The novel pours forth in Shacochis’s torrential style, festooned by his baroque vocabulary, one indefatigable paragraph after another, the phrases ricocheting into hypnotic fractals of grammatical complexity that would send a sentence diagrammer shrieking in terror. Each of the book’s five sections is cast in a slightly different mold, with its own shaded tenor, from political thriller to historical fiction to psychological drama. And those sections come to us out of chronological order, a complication that initially seems maddening but lures us deeper into the kaleidoscopic minds of these spooks who can melt the solid matter of time and identity.
The earliest part opens on the wasted landscape of Croatia during the German occupation of World War II. Eight-year-old Stjepan Kovacevic sees his father beheaded by one of Tito’s Muslim partisans. Before the blood even stops flowing, the boy and his mother flee toward the sea, determined to reach the United States, “the only place strong enough to defeat the enemies of Christ our savior.” In Shacochis’s electrified narrative, this is a frightening odyssey through a society with nothing “left to believe in except the horror of existence.” Military order has collapsed; soldiers devolved into thugs bribe and shoot and rape, knowing they don’t have long to live anyway. For little Stjepan, this ordeal is an indelible introduction “to his destiny, the spiritual map that guides each person finally to the door of the cage that contains his soul.”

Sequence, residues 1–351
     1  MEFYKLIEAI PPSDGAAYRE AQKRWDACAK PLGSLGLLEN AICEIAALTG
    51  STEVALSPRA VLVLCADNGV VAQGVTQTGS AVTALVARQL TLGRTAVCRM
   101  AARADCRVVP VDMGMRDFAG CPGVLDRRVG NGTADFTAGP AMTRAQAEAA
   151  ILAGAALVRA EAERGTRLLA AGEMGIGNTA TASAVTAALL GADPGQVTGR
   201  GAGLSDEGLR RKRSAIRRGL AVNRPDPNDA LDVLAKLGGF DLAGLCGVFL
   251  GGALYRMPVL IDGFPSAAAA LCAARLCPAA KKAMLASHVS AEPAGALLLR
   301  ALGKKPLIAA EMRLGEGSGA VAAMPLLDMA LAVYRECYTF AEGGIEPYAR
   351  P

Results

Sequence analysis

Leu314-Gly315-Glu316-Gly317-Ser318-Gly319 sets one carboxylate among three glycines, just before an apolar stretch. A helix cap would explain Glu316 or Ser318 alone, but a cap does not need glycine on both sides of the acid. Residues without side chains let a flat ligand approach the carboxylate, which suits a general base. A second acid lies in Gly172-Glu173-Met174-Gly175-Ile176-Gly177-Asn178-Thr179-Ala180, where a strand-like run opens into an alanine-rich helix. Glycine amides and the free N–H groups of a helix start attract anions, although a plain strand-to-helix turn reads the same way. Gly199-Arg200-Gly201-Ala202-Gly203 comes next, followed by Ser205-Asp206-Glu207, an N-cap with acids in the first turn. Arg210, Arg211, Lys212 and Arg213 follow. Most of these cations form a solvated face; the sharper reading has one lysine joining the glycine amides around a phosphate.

That reference to the boy’s soul isn’t a rhetorical affectation. Shacochis’s approach is not outwardly theological, but, as the title suggests, “The Woman Who Lost Her Soul” is a novel invested in the health of souls. His concern for the spiritual implications of patriotism casts a religious aura over this saga reminiscent of the work of Graham Greene. Sin, baptism, rebirth, resurrection — in these pages those theological terms are blessed by the sort of serious consideration that rarely has a prayer in contemporary literary fiction.